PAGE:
A well-travelled Garden Stater is home. After months in Madrid and Paris, the return was delayed by last weekend's snowstorm. No matter: Newark's Hopper is home.
Edward Hopper's "The Sheridan Theatre," painted in 1937, was on loan from the Newark Museum for an exhibit that traveled from Madrid to Paris, explained the museum's Andrea Hagy, who traveled from Paris to Newark with the painting. Hopper was a hit, she said. The Grand Palais in Paris has had three blockbusters; after Picasso and Monet, Hopper was the best-selling ticket in town.
"There were lines out the door," reports Hagy.
"The Sheridan Theatre" is one of the most-travelled works in the Newark Museum collection. However, said Hagy, sending priceless art work overseas -- or even down the street -- is never easy. Planning for exhibits such as the Hopper show begins years in advance, as museum curators craft a wish list of works they'd like to borrow. Curators at the home museum consider their own exhibit schedules.
When the dates work, explained Hagy, the planning begins. On her end, picking up the painting, Hagy was first charged with inspecting the painting in Paris. After completing a condition report, the painting was packed and secured until time to return to the United States.
"Fortunately," says Hagy, "the painting was in good shape."
Hagy was responsible for watching the painting packed, loaded onto the plane, and then unloaded in Newark. The Hopper travels in a special case, and has a specially-designed frame that protects it from climate changes.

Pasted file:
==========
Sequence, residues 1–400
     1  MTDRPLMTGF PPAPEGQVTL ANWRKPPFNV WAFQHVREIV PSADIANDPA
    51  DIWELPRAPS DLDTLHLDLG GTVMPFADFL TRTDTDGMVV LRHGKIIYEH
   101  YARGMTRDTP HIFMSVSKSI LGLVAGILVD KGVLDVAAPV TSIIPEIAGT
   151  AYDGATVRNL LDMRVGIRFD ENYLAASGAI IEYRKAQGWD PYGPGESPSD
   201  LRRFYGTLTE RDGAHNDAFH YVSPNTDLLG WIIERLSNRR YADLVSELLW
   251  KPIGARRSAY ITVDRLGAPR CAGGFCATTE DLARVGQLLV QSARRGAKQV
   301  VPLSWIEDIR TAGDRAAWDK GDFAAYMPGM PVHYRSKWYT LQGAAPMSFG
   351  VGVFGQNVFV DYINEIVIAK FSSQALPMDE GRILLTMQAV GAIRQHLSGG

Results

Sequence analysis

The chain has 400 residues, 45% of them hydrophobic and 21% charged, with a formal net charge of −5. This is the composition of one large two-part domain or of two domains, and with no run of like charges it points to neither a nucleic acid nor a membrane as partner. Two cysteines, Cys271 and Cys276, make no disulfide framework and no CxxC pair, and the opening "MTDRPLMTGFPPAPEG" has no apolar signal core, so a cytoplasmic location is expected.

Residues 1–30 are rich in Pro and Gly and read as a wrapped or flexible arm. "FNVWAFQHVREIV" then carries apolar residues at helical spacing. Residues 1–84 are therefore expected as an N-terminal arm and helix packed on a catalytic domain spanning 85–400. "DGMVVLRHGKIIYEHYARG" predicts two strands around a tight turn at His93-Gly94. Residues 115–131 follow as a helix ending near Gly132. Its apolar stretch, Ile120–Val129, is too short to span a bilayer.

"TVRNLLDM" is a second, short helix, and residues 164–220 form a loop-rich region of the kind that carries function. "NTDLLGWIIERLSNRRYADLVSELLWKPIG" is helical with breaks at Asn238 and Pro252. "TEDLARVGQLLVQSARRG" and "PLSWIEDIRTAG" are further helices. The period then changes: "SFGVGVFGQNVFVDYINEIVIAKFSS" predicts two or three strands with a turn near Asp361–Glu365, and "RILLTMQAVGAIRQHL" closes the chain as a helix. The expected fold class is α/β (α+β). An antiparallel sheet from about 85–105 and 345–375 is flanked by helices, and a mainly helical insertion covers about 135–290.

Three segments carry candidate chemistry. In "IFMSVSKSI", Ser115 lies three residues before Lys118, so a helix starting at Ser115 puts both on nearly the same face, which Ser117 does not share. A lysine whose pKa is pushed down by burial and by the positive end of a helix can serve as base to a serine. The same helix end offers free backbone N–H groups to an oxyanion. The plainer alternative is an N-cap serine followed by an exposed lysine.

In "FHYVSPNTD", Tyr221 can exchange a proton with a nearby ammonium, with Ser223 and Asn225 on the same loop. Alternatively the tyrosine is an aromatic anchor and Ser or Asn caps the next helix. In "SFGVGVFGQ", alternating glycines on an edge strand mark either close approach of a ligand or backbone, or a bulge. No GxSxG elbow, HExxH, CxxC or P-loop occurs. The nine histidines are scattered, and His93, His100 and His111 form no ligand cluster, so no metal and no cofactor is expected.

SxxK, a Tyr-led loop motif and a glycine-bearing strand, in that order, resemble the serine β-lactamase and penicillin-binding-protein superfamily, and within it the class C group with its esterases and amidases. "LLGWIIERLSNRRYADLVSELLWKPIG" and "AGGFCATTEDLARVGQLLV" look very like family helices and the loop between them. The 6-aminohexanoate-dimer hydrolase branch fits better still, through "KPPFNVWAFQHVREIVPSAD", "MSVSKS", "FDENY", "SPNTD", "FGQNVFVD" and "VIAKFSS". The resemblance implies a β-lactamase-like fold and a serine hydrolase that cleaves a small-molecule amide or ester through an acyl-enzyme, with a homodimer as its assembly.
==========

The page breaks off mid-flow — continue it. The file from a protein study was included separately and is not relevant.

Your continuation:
According to the New York Times, the work was priced at $900 by the artist in 1940. Apparently Hopper offered the Newark Museum a discount of one-third, a bargain then and now.
"It's a signature piece of the Newark Museum," explains Hagy, who became engaged in Paris. "We're happy to have it back."
The painting is at the museum and will be replaced in the American Art collection shortly. In the meantime, the museum has some 12,000 other works in the same collection, including the work of Hiram Powers, Thomas Cole, John Singer Sargent, Albert Bierstadt, Frederick Church, Childe Hassam, Mary Cassatt, Edward Hopper,Georgia O'Keeffe, Joseph Stella, Tony Smith and Frank Stella.
Watch the Hopper unpacked in the video.
The Newark Museum is OPEN on President's Day, 12 noon–5 pm
Barrier-free entrance and café service available.
9 Washington Street, Newark, NJ 07102-3176 Phone: 973 596-6550